- ½ cup raisins substitute dried cranberries, dates or apricots (chopped)
- 1 tsp cinnamon ground, or substitute orange zest
- Cheese and Onion Bread
- 2-3 tsp dried onion flakes or 1 onion, chopped and sautéed in olive oil until soft and caramelized
- ½ cup sharp cheese such as aged cheddar, Portuguese island cheese (queijo da ilha), pecorino or parmesan - cut into tiny cubes or shredded. Use vegan cheese to keep the recipe vegan.
- In a large bowl, whisk flour, salt and yeast until well mixed. If using seeds or other optional ingredients, it's easier to add them at this point as they will get mixed in more evenly. The add-ons can be mixed in AFTER rising, but it is harder to combine with the dough.
- Pour in warm water and stir until combined. The mixture will be wet and very sticky.
- Cover the bowl with plastic wrap and set it aside in a warm place (I place it inside the microwave or oven at room temperature) for 8 to 12 hours until the dough rises, bubbles and flattens on top.
- After the rising period, use a spatula or wooden spoon to pull the mixture away from the sides of the bowl (if adding the seeds at this point, sprinkle over the dough and fold over a couple of times to distribute).
- Generously flour a sheet of parchment paper; transfer the dough to floured parchment trying to make a (roughly) round shape. Sprinkle the top with a bit more flour. Cover loosely with a piece of plastic wrap and let rest for 25-30 minutes.
- While the dough is resting, preheat oven to 450°F (230°C) with a Dutch oven + lid (cast iron pot) inside. After reaching the desired temperature, the pot should be left in the oven for at least 10 mins.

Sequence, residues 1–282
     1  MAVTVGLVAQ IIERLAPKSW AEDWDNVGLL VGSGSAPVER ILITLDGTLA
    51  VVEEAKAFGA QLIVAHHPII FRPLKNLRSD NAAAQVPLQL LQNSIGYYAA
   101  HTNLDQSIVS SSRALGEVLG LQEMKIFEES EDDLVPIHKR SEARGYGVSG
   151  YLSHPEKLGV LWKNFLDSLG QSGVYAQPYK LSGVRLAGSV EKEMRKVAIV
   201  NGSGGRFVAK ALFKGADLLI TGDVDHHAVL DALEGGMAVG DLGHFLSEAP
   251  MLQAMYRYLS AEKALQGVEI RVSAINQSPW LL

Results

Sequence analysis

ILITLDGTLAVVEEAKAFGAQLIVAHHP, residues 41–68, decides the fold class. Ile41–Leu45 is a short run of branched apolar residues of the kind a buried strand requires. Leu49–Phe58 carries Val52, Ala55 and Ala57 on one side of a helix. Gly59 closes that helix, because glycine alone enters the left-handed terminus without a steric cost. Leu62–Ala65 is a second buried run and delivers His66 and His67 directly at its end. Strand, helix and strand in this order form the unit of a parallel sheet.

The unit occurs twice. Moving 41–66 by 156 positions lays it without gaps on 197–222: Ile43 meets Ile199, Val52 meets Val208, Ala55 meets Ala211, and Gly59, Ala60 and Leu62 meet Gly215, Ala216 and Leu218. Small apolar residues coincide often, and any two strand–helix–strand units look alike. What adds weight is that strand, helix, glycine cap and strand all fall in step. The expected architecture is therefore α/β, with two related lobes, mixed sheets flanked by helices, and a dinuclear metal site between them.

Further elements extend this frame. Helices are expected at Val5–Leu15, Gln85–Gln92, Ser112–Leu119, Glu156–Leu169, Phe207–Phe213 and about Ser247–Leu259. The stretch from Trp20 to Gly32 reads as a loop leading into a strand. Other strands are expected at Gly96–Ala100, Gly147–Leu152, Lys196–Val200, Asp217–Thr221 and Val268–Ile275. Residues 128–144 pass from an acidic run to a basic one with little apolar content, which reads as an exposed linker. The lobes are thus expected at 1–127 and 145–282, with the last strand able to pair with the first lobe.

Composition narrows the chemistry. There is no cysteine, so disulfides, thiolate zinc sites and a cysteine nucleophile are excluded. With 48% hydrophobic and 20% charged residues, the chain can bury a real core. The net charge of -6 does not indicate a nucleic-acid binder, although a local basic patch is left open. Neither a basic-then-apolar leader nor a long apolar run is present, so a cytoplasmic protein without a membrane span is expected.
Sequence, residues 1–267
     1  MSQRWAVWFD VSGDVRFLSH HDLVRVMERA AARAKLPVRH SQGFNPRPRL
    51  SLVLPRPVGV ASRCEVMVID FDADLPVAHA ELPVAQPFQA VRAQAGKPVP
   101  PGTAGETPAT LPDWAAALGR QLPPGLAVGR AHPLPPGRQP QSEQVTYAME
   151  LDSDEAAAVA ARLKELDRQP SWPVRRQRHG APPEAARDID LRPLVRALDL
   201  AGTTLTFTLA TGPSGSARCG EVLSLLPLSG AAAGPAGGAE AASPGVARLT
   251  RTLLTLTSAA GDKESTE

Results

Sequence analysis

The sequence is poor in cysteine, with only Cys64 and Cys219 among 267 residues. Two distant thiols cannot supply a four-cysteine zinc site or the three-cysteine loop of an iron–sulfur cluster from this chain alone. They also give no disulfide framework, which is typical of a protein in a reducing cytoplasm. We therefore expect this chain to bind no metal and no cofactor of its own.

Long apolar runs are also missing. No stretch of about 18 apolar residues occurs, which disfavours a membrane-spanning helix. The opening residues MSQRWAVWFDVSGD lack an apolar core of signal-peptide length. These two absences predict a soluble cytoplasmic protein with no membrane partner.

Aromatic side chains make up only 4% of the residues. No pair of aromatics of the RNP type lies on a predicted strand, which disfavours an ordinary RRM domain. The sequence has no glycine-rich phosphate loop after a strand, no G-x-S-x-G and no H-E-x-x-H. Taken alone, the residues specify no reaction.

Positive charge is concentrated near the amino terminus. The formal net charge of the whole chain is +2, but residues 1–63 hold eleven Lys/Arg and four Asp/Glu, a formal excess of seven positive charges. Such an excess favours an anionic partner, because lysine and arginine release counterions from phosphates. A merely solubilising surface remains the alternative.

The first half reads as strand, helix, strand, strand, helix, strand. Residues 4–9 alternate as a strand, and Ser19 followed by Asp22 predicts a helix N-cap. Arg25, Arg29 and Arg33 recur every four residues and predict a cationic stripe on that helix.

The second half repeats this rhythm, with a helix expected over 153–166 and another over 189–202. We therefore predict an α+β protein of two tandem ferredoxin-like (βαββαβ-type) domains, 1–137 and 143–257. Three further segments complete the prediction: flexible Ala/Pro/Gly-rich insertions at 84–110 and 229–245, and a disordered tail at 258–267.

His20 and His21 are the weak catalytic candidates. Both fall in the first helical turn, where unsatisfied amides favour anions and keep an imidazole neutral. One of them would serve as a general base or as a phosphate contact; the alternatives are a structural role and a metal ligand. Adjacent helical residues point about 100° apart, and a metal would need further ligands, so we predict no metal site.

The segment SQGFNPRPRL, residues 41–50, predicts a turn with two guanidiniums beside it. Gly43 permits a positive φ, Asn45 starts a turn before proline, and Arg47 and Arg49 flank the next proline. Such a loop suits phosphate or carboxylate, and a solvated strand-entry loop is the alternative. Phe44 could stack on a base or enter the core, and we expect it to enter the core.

- After the pre-heating time, carefully remove the hot pot from the oven. Uncover dough, pick up the parchment by the 4 corners and transfer to the pot. Cover pot and return to oven.
- Bake for 30-35 minutes covered, then another 10 to 15 minutes uncovered (a longer baking time makes a thicker crust) until the bread is baked through and golden brown on top. Let it cool down before slicing.
- If you don't have a dutch oven or cast iron pan with a lid, don't give up: try baking it in any oven-safe all-metal pot (no plastic or wood parts), a loaf pan tented loosely with foil, a small covered roasting pan, a round casserole dish with a lid, or a cast-iron skillet, and just watch the bake time more closely - let the smell of baked bread be the first indication and "touch-test" for a firm crust.
- To toast the seeds, add them to a dry skillet over medium heat stirring often until they start to get browned. Add the pumpkin seeds first and toast until they start to "pop", then add the sunflower seeds toasting/stirring for another minute, and add the sesame seeds last, as they toast very quickly. The flax seeds don't need to be toasted.
- 1 cup of the all-purpose flour can be replaced with 1 cup of whole wheat flour for a denser loaf.
- I've used a 3.5 Qt and a 5 Qt Dutch oven to bake the bread and both worked. The dough may spread out more in the larger pot.
- This slow-rise bread has a slight sourdough taste, which becomes more pronounced the longer it is left in the rising stage.
- After cooling, left-over bread can be pre-sliced and stored in the fridge or freezer in a closed container/zipper bag, and then warmed up in the toaster for serving.
- This dough doesn't include sugar and the yeast feeds on the carbohydrates in the flour itself to ferment/rise, so the resulting bread is healthier and easier to digest.